BROWNSVILLE — Long ago it was downtown Brownsville’s “Fashion Center,” home to Carl’s Shoe Store, Lee Optical, Perl Bros. Fashion Clothiers, Three Sisters and Weldon’s Credit Jewelers.
Soon, the building at the corner of East Elizabeth and 10th streets will be transformed into a plasma center. The structure has been gutted already, and the old storefronts removed. Construction on the facility is scheduled to begin Monday and expected to be complete in about five months.
The city greenlighted the project prior to the passage last August of a Downtown Overlay District ordinance prohibiting certain business, including plasma centers, from operating within the overlay, which includes Elizabeth Street from East 6th Street to International Boulevard. That portion of Elizabeth Street also is within the Entertainment Use Area portion of the overlay district.
The Stough Group, a Cincinnati, Ohio-based company that specializes in plasma center site selection, design and construction, is doing the work for GCAM, part of GC Pharma, a biopharmaceutical firm based in South Korea. GCAM has about a dozen plasma centers scattered around the United States, including four in Texas — three on the border and one near San Antonio.
According to minutes from the July 12, 2017, meeting of the Historic Preservation and Design Review Board of the City of Brownsville, the design for the Elizabeth Street project was approved subject to certain conditions: The new storefront could not have tinted glass, it had to be “modulated” to follow the “rhythms” of the original storefronts, and the southern corner of the building, particularly the marble and granite pyramidal column, had to be maintained.
The board also required that all historical floor terrazzos in the former vestibules of the old be preserved (they’ll be there, though hidden from view), and that the new storefront feature no canopies. Michael Paul, Stough’s chief operating officer, said the design initially included a canopy, though the idea was nixed due to objections from Brownsville Historic Preservation Officer Juan Velez, with whom, Paul admitted, there was some back and forth.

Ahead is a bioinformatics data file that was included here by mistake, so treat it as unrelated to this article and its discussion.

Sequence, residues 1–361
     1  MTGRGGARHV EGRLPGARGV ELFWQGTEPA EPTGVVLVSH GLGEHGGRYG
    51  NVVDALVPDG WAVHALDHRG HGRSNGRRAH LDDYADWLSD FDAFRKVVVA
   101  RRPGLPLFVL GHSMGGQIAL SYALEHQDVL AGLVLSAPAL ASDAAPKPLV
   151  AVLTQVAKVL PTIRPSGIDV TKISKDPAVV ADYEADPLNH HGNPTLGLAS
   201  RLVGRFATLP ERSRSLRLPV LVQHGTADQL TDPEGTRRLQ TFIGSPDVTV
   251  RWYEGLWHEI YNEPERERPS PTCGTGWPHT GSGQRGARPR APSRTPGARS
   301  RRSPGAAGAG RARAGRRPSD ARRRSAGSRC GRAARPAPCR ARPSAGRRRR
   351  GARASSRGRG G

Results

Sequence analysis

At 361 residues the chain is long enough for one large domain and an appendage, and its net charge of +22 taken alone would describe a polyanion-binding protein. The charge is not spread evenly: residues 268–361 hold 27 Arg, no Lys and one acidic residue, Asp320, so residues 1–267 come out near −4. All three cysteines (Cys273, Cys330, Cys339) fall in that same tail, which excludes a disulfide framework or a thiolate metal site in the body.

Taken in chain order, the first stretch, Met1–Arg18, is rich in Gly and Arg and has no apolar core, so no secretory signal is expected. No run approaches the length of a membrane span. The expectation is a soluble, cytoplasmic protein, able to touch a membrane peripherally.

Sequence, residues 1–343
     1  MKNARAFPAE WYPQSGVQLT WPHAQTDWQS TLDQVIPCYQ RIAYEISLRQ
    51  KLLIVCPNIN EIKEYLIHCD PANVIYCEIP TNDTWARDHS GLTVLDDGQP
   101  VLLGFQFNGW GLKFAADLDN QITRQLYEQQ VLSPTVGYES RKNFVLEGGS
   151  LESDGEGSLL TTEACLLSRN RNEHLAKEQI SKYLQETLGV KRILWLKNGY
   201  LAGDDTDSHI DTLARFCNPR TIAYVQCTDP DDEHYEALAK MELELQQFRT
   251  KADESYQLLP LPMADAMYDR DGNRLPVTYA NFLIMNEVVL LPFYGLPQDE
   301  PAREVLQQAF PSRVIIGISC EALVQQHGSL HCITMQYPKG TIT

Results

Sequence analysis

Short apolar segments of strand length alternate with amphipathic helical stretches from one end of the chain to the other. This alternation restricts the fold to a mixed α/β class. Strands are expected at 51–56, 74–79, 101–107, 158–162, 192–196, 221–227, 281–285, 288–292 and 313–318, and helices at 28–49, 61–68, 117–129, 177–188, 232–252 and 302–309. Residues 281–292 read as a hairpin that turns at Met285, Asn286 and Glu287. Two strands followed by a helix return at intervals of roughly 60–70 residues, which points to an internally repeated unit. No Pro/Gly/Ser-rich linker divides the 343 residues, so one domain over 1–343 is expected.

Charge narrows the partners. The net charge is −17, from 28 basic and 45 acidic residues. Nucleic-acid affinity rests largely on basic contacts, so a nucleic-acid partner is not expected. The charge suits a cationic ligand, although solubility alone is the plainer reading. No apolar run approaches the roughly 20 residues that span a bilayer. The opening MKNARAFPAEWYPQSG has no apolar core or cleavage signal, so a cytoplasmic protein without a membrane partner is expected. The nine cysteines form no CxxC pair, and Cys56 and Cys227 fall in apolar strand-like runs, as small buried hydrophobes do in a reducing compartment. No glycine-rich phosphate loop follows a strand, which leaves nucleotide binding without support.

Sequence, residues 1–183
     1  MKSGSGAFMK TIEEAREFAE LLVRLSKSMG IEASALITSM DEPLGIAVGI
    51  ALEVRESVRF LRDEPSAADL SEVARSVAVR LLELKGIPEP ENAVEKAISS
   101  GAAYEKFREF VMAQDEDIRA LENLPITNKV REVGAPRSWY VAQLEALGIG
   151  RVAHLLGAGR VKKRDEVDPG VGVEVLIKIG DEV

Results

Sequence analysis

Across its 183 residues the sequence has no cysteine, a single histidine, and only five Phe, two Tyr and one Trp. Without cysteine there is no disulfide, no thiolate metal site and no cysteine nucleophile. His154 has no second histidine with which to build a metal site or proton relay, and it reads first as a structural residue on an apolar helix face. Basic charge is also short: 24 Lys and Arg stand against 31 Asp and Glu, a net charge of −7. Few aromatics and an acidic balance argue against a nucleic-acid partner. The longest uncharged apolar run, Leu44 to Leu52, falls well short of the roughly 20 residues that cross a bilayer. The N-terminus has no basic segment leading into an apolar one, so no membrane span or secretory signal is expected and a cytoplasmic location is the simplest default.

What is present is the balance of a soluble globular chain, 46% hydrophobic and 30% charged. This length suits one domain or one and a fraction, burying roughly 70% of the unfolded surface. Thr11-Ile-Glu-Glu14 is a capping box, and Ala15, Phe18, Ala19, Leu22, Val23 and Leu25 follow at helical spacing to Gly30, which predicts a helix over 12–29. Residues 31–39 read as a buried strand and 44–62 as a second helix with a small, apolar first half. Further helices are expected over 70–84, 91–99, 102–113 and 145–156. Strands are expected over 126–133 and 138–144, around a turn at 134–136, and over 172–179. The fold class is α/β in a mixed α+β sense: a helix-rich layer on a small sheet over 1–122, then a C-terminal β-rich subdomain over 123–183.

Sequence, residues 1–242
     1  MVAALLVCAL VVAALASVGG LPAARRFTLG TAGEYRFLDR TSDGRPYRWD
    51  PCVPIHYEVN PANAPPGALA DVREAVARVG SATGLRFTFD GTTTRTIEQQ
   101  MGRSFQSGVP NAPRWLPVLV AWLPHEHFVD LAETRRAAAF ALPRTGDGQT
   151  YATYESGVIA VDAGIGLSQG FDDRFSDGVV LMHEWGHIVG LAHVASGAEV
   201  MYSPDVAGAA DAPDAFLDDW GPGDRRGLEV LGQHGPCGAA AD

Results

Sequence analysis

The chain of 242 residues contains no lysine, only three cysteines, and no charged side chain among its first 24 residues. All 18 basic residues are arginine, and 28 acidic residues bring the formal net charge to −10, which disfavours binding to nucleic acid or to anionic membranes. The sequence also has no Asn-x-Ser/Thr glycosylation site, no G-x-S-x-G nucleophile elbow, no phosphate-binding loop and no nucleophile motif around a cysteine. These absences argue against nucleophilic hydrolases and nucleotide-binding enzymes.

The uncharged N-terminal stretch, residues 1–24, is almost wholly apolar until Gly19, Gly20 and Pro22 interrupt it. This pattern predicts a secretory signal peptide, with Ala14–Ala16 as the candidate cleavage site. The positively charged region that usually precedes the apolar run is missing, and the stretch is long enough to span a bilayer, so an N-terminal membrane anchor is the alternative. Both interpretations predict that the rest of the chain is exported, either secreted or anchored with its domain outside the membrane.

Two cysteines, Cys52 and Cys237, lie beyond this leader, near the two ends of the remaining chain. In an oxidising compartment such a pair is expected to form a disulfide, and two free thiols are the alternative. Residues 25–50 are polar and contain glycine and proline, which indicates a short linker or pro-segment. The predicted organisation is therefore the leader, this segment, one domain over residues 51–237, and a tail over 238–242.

“He’s a good guy, and he takes his job pretty seriously,” Paul said. “I think the real issue is a focused reuse versus the desire to restore.”
The design board voted unanimously to approve the revised project design. Paul said GCAM identified Brownsville as a viable market and contacted Stough for help locating a site with the best potential for attracting donors — thus downtown.
“It’s demographic based,” he said. “Certainly they believe they can reach the most number of potential donors by having that location.”
Paul, who first came to Brownsville about two years ago to scout sites, said he also looked at the old Kress building at 1263 E. Elizabeth St., but that it had structural issues.
Plasma is the clear, liquid part of blood that remains after all red and white blood cells are removed. The cells are separated from the plasma and returned to the donor after the blood has been drawn. Donors are compensated for the time they spend at the center.
Plasma contains proteins and antibodies that are collected to treat burn victims, bleeding disorders and trauma victims as well as a number of medical conditions, including immune system deficiencies, HIV in children, and some liver conditions.
Another company, CSL Plasma, has three locations in Brownsville, two of them downtown and one on Price Road.
Paul said he believes GCAM will open in early December on Elizabeth Street. The center will create 45 to 60 full-time, entry-level medical jobs, most of which will be filled by local residents, he said. Also, GCAM will pay out between $2 million and $2.5 million in donor fees every year, Paul said.
“Hopefully the area will benefit from some of that money,” he said. “Hopefully it will be a positive thing.”